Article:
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Take One Action nurtures communal exploration of the stories, ideas and questions at the heart of positive social change. Through film screenings, conversation and enquiry, we bring people together to inspire a fairer, more sustainable and more fulfilling world, in Scotland and beyond our borders.
Established in 2008, Take One Action are an Edinburgh-based, independent charity founded by film lovers, cultural activists and globally concerned citizens who believe that shared cinematic experience can catalyse lasting change. Our annual programme of activities welcomes upwards of 5,000 audience members each year and includes a 12-day festival in Edinburgh & Glasgow, two weekend festivals in Aberdeen & Inverness, a network of local film clubs and a series of individual screenings, talks and training opportunities.
Through debate and innovative presentation, our activities bring individuals, communities, campaigners, filmmakers, politicians, academics and artists together to explore the connections, systems and cultures underpinning social, cultural, environmental and economic inequality – and empowers them to envisage tangible action.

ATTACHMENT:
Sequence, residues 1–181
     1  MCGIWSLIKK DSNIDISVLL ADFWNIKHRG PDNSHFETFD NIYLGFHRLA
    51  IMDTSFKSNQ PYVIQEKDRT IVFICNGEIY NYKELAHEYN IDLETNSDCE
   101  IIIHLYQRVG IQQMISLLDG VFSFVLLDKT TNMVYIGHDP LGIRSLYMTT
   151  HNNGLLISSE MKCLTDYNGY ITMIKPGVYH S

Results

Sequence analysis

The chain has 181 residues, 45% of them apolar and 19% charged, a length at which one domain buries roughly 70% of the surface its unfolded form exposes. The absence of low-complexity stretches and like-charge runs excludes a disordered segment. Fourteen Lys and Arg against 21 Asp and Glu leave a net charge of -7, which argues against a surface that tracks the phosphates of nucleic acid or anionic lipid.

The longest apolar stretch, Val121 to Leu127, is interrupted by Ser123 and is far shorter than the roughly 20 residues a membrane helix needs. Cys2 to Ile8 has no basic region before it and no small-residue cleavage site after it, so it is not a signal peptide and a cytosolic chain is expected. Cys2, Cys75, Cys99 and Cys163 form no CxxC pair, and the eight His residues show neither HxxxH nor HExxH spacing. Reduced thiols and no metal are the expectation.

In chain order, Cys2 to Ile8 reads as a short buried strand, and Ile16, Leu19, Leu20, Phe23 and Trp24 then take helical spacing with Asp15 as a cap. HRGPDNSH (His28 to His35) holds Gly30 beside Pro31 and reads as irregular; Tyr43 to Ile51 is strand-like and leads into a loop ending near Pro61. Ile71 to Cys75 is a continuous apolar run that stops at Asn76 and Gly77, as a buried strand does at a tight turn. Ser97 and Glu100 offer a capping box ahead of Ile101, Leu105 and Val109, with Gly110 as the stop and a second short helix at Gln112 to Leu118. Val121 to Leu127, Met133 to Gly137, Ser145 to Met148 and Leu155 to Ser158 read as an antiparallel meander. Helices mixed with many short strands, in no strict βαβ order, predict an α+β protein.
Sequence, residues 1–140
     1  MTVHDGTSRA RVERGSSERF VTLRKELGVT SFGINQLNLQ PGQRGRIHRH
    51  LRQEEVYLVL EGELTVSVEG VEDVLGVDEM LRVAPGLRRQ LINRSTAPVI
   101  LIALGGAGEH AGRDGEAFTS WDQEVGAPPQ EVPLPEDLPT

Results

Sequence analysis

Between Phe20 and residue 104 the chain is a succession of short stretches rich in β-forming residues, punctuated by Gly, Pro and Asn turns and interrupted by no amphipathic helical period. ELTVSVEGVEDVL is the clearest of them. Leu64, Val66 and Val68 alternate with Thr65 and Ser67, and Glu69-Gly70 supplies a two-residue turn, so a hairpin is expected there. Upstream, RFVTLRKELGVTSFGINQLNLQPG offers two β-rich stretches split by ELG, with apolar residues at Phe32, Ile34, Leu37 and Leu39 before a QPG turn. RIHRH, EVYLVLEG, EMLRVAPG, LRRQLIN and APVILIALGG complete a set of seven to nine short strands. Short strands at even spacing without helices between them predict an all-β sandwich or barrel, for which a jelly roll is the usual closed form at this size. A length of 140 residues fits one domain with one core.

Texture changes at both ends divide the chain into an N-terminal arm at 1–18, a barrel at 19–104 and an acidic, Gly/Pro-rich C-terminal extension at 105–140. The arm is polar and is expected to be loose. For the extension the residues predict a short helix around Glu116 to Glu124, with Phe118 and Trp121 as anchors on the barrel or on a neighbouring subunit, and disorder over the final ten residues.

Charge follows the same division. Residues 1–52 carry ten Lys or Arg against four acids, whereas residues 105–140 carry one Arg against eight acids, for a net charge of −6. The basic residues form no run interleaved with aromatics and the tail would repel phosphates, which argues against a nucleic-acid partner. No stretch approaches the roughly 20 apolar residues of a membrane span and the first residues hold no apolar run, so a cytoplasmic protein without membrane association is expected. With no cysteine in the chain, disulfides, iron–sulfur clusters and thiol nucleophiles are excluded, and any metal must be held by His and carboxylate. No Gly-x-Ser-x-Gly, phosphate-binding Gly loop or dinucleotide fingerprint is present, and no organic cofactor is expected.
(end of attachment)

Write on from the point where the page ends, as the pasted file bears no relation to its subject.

Our work is independent, values-driven, widely recognised for its artistic and social merits, and delivered through partnerships with a range of charities, grassroots groups and NGOs who support local creativity, opportunity and action.
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By placing respiratory health firmly in our sights, the 2020 Covid-19 crisis has highlighted the risks that air pollution poses to public health – as well as to the planet’s future. (It is estimated that toxic air quality causes up to 7 million deaths a year.) In Smog Town, a team of local officials attempt to make good on China’s “War for the defence of Blue Skies.” But can local measures have a real impact on such a global issue?
Deputy chief Li, his assistant Hu and the rest of the city of Langfang’s environmental protection are under strict government orders to meet air pollution reduction targets. The drastic measures they impose prove deeply unpopular, disproportionately penalising poorer citizens, workers and small business traders while, a few kilometres away, large factories continue to contribute to rising levels of air pollution…
In subtle, observational tones, Smog Town captures the futility of environmental policies that focus on short-term targets without addressing wider, systemic causes – and forces us to reckon with the urgency of a crisis we can’t afford not to address.